the UK workforce and just 2% of manufacturing employment. Before
the establishment of UKTI DSO, UKTI's industry-specific trade
promotion was undertaken by the Sectors Group, with a total of
129 staff covering all industries. UKTI DSO has a staff of
15. Arms fairs are large-scale arms proliferation
events where buyers and sellers of any country can meet and arrange
deals. UKTI DSO organises the UK presence at them. For example,
in November 2008 it did so with regards to the International
Defence Exhibition and Seminar in Pakistan which was billed as
showcasing "a wide variety of technology, ranging from equipment
used in third world countries to the most sophisticated systems
from the West."
16. In common with many other sectors of
the economy, there is no longer any identifiable UK arms industry.
Military industry is internationalised with most equipment containing
components and sub-systems from a variety of companies, which
typically may have their headquarters in one country, but subsidiaries
in several others. Sales, too, are global with, for example, Thales
and General Dynamics being major suppliers to the UK Ministry
of Defence, whilst BAE Systems sells more to the US than it does
to the UK government.
17. UKTI addresses this lack of recognisably
UK businesses by saying that: "To quality for UKTI trade
services the business should be able to demonstrate that it has
an active UK trading address. This includes both UK-based business
investing, or looking to invest, overseas and foreign-owned businesses
based in the UK. There is no policy with regard to foreign content,
we are looking at overall benefit to the UK economy."
18. With the arms export sector, there is
no such benefit. Military industry is extremely heavily subsidised,
especially through export credits and research and development
spending. Even the Ministry of Defence, in its 2005 Defence
Industrial Strategy, admits: "Arguments for supporting defence
exports in terms of wider economic costs and benefits eg the balance
of payments, are sometimes also advanced. A group of independent
and MoD economists (M Chalmers, N Davies, K Hartley and C WilkinsonThe
Economic Costs and Benefits of UK Defence Exports. York University
Centre for Defence Economics, 2001) examined these, by considering
the implications of a 50% reduction in UK defence exports. They
concluded that the 'economic costs of reducing defence exports
are relatively small and largely one off
as a consequence
the balance of argument about defence exports should depend mainly
on non-economic considerations.'"
19. Military exports undoubtedly bring commercial
benefit to arms companies and their shareholders. This is not,
however, the same as benefiting the UK economy as a whole and
the subsidy skews the economy towards arms production. In turn,
this potentially damages other sectors that might be more efficient
and innovative. There is also the question of the business opportunities
that are lost because of conflicts that are supported materially
by UK arms exports or politically by the legitimisation they lend.
20. The money saved by reducing or ending
the UK arms trade could be invested in other industries such as
renewable energy and transport, which would create new, highly
skilled jobs. This would mean that the principles of the Government's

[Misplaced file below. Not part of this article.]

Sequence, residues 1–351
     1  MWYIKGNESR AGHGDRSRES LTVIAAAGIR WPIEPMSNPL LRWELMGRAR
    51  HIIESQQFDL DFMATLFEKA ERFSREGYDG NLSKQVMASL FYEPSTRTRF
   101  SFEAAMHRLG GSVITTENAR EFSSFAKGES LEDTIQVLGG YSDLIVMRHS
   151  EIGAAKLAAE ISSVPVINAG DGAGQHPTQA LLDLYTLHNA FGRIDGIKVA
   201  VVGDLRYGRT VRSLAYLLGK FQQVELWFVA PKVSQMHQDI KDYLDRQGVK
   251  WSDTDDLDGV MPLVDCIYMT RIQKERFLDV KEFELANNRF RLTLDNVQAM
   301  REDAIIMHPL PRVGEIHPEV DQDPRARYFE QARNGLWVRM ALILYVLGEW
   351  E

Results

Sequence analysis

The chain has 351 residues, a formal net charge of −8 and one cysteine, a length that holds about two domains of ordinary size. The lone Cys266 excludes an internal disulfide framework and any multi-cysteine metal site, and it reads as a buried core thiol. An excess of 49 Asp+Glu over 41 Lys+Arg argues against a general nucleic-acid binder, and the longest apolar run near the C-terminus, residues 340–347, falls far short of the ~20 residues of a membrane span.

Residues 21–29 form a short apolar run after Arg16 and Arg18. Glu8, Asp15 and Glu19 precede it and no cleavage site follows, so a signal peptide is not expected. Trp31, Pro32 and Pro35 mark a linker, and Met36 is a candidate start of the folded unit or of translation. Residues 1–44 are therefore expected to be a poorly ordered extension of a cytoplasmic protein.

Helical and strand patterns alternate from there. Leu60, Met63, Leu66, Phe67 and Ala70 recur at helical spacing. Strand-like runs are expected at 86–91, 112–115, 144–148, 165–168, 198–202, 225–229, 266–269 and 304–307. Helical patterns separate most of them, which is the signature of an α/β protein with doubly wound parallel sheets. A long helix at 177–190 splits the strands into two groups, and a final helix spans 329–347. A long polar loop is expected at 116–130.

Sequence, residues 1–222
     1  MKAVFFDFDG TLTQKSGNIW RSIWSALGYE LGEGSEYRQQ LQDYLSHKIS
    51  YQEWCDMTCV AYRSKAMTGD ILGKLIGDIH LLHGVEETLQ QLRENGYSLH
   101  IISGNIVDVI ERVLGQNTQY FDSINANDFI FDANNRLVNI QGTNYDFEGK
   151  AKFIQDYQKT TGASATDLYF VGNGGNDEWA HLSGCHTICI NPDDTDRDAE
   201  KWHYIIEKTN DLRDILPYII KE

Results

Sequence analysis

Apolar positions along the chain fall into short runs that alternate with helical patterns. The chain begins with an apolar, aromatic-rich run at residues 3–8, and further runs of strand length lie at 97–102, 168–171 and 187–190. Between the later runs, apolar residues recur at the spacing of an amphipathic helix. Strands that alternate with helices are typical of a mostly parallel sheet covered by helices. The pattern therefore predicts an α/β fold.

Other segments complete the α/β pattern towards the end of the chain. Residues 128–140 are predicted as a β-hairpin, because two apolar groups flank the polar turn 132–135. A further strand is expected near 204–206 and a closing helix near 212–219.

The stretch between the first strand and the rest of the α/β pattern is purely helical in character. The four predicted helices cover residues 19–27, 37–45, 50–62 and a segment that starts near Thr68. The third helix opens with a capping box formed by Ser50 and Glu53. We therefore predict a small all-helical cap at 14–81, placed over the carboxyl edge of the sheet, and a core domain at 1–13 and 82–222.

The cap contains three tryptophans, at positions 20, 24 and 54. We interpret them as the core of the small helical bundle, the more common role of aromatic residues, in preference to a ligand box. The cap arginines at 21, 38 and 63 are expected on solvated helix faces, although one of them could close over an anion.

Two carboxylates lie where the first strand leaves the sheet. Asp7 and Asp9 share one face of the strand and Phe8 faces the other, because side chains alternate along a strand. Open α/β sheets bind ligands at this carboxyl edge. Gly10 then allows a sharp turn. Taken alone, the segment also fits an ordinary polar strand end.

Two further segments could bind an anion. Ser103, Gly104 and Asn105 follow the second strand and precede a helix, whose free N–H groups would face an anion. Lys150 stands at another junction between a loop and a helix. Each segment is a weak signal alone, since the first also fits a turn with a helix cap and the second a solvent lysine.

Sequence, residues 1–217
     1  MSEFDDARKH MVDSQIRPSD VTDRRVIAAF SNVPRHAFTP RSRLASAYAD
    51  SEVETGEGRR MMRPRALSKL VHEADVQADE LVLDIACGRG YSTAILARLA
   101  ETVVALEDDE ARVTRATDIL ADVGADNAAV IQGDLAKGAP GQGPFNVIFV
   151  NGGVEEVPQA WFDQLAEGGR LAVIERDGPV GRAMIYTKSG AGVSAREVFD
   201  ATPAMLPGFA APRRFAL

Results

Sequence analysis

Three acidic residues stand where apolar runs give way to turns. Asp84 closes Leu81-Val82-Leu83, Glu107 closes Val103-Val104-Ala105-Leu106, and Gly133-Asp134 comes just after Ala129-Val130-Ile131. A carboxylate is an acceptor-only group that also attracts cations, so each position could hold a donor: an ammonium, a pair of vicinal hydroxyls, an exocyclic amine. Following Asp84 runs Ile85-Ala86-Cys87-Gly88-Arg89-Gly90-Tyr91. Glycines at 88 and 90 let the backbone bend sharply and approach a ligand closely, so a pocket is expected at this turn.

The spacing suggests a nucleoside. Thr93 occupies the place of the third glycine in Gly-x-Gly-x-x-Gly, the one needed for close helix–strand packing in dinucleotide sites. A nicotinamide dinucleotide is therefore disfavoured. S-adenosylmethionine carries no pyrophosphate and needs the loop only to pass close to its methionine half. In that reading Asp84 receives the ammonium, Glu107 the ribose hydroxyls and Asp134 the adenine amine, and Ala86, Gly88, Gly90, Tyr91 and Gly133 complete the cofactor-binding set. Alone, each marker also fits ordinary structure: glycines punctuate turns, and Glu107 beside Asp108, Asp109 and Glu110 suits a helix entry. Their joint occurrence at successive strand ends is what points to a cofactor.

NSS would be complemented by a "low carbon" economic
policy that would enhance international and UK security rather
than undermined by a military export promotion policy which increases
21. CAAT supports the idea of an ATT in
principle, but questions whether it will be effective, at least
in so far as major conventional and high-technology equipment
is concerned. The ATT could strengthen the hands of governments
trying to prevent the circulation of small arms, and CAAT would
warmly welcome this, but it is clear that the deals the companies
find most lucrative, such as those to Saudi Arabia, Israel, India
and Pakistan, would continue unabated.
22. The FCO itself stresses that the proposed
ATT is "not a disarmament treaty but an export control treaty"
aimed at stopping weapons reaching "the hands of terrorists,
insurgents and human rights abusers". The ATT is supported
by the arms industry; unsurprisingly, since the FCO says it: "will
be good for business, both manufacturing and export sales."
23. The FCO has told CAAT that the ATT will
not prevent any UK sales. This was reinforced by the Defence Manufacturers
Association's DMA News, January 2006, which said the DMA believes
"the eventual Treaty would not bring new obligations for
UK industry." It seems that sales to FCO countries of concern,
such as Saudi Arabia, would continue unabated.
24. As envisaged by the UK government, the
ATT would not provide adequate constraints and could well serve
simply to legitimise arms sales. CAAT is concerned that its support
for the ATT allows the Government to the impression it is taking
action, whilst it continues to support the arms companies in their
25. Active promotion of arms around the
world is the last thing that any responsible, pragmatic and forward-thinking
government, concerned for its citizens' security, should be doing.
The UK government should close down UKTI DSO without transferring
its functions elsewhere.
26. The UK government should match its words
with actions with regards to the NSS's Guiding principles. Respect
for human rights and robust anti-corruption measures must not
be subordinated to the desire of global arms companies to make
profits for their shareholders.
27. There is no such thing as a responsible
arms trade. The UK government must acknowledge that an ATT will
be worthwhile only if it stops arms sales, from the UK as well
as elsewhere, to areas of conflict and to human rights violators.
27 November 2008